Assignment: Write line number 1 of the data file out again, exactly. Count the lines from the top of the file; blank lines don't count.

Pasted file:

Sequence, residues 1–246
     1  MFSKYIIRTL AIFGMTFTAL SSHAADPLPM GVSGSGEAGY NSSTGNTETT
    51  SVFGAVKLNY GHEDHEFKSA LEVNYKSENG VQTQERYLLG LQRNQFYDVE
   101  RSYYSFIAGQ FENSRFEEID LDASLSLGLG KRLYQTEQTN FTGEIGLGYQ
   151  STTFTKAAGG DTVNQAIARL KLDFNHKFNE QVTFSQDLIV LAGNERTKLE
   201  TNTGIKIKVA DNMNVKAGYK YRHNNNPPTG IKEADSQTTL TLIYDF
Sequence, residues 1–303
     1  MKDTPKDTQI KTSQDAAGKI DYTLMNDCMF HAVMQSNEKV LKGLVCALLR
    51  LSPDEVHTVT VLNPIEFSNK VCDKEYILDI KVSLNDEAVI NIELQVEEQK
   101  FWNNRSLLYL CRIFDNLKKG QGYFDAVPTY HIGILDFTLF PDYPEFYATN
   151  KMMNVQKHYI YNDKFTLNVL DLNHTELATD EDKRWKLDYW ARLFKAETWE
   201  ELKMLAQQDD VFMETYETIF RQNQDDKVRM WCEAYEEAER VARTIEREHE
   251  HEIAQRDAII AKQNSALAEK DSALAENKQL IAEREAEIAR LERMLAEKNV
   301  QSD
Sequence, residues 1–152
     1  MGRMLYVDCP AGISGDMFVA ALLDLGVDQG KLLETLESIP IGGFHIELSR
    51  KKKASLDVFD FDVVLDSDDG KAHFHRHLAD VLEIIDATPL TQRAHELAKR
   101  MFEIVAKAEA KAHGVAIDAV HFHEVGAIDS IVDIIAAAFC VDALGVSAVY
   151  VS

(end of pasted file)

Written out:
Sequence, residues 1–246